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National Human Resource Development Program in the Philippines

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  1. National Human Resource Development Program in the Philippines Dean Jorge V. Sibal UP Diliman

  2. NHRD Framework & Components (Goals & Issues- Udaya Mohan Devades) • Fundamental education reform • Strengthening of secondary, post-graduate education & company training • Stopping (or managing?) brain drain • Dialogue between researchers from the academe & practitioners • Changing traditional management development system • Strengthening initial training & employment • Strengthening HRD policy in state enterprises (especially in China)

  3. NHRD definition(keywords- Hasler, Thompson & Schuler, 2006)) • Activities & efforts to systematically develop human skills, capabilities & knowledge • Through multilevel learning process by an organization, community & national mission & strategy • Objective is to improve performance (growth of individuals, organizations, communities and nations). Note: Values and attitudes should also be developed.

  4. NHRD Definition & Examples • Traditionally called manpower development • Japan & Korea- examples of countries that have achieved development through its human resources (despite non-availability of natural resources)

  5. NHRD and the Millenium Development Goals (MDG) • UN human development goals with specific and measurable targets to reduce extreme poverty by 2015 • Health • Education • Eco-socio-cultural development • People empowerment MDG NHRD

  6. 8 Major Goals of MDG (MDG Report (2008) • Eradicate extreme poverty & hunger • Achieve universal primary education • Promote gender equality and empower women • Reduce child mortality • Improve maternal health • Combat HIV/AIDS, malaria & other diseases • Ensure environment sustainability • Develop global partnership for development

  7. Human Development Index (HDI) • National poverty • Literacy • HR & leadership capacity • Income distribution • Education • Health & wellness • Life expectancy • Capacity for political expectancy • & various aspects of labor

  8. Management Development in China (transition- Wang & Wang, 2006) Rural & agricultural Urban & industrialized Rigid/centrally Market-oriented planned State-owned Private & collective allocation system of ownership local enterprises Confusian & Diversity with socialist culture capitalist values Close/self-centered Open to global society community

  9. The National HRD Program of the Philippines

  10. 1. Problems in PH NHRD • Disparities in access to education, formal and non-formal, prevail at all levels; • Low budget allocation on education; • Achievement levels are low; • Drop-out rates in both elementary and secondary schools are highest in rural and less developed communities among poor students; • Muslims and cultural communities and special learners suffer from benign neglect; • Early childhood care and development are limited to the rich and affluent;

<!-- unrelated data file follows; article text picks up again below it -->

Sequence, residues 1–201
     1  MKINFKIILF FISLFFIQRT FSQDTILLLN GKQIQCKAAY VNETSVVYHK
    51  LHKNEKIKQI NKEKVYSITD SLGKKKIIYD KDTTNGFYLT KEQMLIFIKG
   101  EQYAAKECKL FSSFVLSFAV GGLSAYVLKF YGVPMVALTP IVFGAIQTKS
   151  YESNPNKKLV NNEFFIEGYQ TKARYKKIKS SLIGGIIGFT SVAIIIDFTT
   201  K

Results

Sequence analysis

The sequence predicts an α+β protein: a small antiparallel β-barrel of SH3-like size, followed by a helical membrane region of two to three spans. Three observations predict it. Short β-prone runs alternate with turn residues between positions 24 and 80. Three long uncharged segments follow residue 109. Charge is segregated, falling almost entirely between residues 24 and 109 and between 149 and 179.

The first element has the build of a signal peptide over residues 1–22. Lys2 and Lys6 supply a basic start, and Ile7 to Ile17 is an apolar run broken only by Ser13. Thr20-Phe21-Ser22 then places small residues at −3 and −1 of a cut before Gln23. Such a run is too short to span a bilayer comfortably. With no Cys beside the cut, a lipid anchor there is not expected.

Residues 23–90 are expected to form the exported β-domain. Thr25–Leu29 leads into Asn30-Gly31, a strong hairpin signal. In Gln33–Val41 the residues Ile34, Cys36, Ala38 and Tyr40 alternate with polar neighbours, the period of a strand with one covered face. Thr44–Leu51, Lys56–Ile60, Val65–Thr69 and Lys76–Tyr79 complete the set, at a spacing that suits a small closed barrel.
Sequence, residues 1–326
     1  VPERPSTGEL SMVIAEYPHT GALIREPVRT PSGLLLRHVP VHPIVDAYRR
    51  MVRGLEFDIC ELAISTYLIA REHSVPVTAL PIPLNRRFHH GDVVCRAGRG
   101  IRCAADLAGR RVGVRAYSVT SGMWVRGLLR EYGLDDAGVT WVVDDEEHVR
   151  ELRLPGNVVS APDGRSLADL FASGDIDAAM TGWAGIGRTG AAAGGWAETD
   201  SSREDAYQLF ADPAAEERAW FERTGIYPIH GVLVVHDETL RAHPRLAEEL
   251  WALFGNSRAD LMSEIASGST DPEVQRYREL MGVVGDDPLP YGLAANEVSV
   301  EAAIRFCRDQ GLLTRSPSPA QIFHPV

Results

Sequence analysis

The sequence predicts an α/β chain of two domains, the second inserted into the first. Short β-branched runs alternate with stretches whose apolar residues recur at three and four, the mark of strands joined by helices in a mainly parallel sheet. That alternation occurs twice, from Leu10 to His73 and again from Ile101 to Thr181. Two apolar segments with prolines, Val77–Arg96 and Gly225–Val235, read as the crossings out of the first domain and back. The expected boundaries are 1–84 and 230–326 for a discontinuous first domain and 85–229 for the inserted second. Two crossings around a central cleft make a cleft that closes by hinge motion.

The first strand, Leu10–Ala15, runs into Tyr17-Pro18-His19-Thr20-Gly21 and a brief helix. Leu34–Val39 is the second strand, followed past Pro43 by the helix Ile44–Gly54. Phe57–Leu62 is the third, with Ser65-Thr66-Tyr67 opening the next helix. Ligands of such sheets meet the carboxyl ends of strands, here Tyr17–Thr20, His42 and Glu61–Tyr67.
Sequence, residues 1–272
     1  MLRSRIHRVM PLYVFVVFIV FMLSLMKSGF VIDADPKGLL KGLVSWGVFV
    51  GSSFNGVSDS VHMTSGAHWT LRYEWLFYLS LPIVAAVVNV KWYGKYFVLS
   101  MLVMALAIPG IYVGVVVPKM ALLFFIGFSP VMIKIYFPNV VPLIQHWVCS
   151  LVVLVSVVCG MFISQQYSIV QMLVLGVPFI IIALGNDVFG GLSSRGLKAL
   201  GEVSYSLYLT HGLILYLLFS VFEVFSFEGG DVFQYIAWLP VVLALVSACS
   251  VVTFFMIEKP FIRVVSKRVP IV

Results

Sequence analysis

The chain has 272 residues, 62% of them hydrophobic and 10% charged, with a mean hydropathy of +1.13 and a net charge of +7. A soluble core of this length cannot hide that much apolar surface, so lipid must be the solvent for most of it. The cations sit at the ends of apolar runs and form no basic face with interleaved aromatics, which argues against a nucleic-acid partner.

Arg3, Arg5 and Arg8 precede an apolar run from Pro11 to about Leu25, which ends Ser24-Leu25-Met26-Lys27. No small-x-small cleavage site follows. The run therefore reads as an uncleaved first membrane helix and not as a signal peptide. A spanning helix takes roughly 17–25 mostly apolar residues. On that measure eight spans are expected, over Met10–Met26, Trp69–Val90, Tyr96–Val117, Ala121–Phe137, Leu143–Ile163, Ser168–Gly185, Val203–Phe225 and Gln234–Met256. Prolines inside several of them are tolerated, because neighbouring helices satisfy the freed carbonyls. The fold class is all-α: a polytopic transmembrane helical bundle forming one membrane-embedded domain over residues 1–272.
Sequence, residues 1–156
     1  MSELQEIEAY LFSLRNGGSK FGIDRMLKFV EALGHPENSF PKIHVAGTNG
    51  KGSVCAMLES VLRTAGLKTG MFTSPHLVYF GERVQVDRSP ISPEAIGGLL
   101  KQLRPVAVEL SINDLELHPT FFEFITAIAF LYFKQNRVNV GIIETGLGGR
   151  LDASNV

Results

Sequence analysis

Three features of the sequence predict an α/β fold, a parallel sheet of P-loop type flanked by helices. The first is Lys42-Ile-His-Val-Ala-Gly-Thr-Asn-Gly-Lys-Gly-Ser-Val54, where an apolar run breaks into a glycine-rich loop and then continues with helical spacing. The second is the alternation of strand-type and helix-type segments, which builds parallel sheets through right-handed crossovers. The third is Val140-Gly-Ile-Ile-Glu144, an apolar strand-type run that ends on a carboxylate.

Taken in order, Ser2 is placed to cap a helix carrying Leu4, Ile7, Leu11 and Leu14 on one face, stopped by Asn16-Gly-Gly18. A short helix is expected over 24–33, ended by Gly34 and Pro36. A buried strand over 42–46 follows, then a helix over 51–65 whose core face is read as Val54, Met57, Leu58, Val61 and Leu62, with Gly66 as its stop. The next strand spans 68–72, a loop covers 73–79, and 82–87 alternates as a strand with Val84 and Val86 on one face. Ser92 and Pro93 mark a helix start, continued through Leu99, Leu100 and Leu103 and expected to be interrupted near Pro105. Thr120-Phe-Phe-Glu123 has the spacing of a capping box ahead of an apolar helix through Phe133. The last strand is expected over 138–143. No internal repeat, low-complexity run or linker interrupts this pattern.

11. 2. Problems in PH NHRD • Non-formal education services are inadequate and found mainly in developed communities; • Class interruption and the length of the school year reduce learning and its quality; • Science and technology education is inadequate; • Innovations in education and technology are not adopted in schools; • Values education is lacking and ineffective; • Bilingual education policy affects the quality of learning; • Mismatches between supply and demand for educated and trained manpower;

  12. 3. Problems in PH NHRD • Education is irrelevant to individual and social needs; • Teachers are inadequately trained; • Graduate education is mediocre, limited and underdeveloped; • Organizational structure of the educational system is inefficient and ineffective

  13. Constitutional Provisions and Laws on HRD The Philippine Constitution - Art. 11, Sec. 17 … State’s priority to education, science and technology, arts, culture and sports . . . - Art. 14, Sec. 2 … a complete, adequate and integrated system of education … non-formal, informal and indigenous learning systems … skills training for adults, disabled and out-of-school youth; - Art. 14, Sec. 4 … complementary roles of the public and private institutions in the educational system

  14. HRD Structures in the Philippines • K+12 Basic education for 2 years prep and 12 years primary education; • National achievement tests after the 4th and 6th grades and during the 4th year of high school; • Individual tertiary level should administer their respective college entrance examinations; • A national aptitude test for 3rd year high school students to identify their career inclinations; • Equivalency tests for basic education acquired through non-formal education;

  15. Basic Education Sector Reform Agenda (BESRA) under PDP 2011-2016 It involves the following components: • school-based management; • enhanced learning efficiency (like K+12 system); • quality assurance and accountability; and • complementary learning interventions (like alternative learning systems, early childhood education, etc.).

  16. Primary Education and the MDP • While DepEd continues to get the highest budget among line agencies, the country has fallen short in accomplishing the MDGs and Education for All (EFA) targets in enrolment rate and cohort survival rate.